New numbers from the Federal Deposit Insurance Corporation (FDIC) show Americans are pulling their money at a pace not seen in yearly four decades.
According to the FDIC’s newly-released quarterly report, depositors took a total of $472 billion out of their accounts in the first quarter of this year – shattering a 39 year record.
“The quarterly decline is the largest reduction reported in the QBP since data collection began in 1984.
This was the fourth consecutive quarter that the industry reported lower levels of total deposits.”
The “primary driver” of deposit flight came from uninsured deposits, says the FDIC, as people moved to protect capital that is above the $250,000 FDIC insured maximum.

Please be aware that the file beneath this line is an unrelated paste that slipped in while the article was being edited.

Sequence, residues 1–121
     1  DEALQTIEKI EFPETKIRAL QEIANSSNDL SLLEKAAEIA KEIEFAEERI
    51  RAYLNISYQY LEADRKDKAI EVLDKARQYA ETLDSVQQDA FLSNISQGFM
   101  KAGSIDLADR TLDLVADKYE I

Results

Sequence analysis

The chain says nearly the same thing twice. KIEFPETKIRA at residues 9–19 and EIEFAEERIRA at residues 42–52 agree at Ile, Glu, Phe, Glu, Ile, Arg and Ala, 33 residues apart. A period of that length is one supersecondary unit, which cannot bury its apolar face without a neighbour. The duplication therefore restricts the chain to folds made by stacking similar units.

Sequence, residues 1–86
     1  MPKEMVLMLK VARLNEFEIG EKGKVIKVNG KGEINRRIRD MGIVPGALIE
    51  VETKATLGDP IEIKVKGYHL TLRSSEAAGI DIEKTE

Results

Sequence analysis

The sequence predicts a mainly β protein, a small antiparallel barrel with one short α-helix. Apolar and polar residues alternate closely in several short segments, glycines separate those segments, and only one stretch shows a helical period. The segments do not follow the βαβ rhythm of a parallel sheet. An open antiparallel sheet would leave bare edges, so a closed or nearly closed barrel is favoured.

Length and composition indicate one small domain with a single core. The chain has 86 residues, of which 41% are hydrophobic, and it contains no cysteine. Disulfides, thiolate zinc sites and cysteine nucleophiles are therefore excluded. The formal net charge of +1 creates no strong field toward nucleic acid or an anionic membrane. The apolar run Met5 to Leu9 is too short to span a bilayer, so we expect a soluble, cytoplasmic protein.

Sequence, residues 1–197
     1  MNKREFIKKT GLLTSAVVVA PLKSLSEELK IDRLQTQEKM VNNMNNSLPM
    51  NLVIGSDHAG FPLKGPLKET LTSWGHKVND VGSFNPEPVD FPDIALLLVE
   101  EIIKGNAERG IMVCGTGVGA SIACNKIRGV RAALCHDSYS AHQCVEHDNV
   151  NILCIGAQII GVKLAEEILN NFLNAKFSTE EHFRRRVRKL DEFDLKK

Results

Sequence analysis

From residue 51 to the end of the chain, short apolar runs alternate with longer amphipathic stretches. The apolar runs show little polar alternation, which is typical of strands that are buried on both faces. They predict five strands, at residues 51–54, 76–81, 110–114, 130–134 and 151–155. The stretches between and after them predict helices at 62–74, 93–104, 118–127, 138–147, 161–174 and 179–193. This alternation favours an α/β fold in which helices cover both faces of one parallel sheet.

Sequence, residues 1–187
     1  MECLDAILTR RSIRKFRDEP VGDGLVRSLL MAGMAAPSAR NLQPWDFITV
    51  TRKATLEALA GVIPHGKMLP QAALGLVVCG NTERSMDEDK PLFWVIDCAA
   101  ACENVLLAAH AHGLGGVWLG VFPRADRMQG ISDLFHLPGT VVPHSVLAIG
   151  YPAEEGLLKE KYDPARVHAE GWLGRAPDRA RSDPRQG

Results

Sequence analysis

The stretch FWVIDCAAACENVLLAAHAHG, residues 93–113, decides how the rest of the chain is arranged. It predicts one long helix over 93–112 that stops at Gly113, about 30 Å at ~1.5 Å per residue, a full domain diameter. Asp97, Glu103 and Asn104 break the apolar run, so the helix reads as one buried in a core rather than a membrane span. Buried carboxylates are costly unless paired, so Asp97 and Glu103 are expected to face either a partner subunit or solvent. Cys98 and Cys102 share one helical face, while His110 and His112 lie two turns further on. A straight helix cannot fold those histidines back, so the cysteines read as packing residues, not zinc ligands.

Case in point – the amount of insured deposits held by banks actually increased during the quarter as people diversified their risk.
The mass exodus follows the failures of Signature Bank, Silicon Valley Bank and First Republic, which were triggered in large part by the Federal Reserve’s aggressive interest rate hikes.
As depositors leave the banking system, money market funds have witnessed massive weekly cash inflows.
As the first quarter came to a close, assets held by money market mutual funds surged to $5.6 trillion according to Crane data, representing a record high.Don't Miss a Beat – Subscribe to get email alerts delivered directly to your inbox
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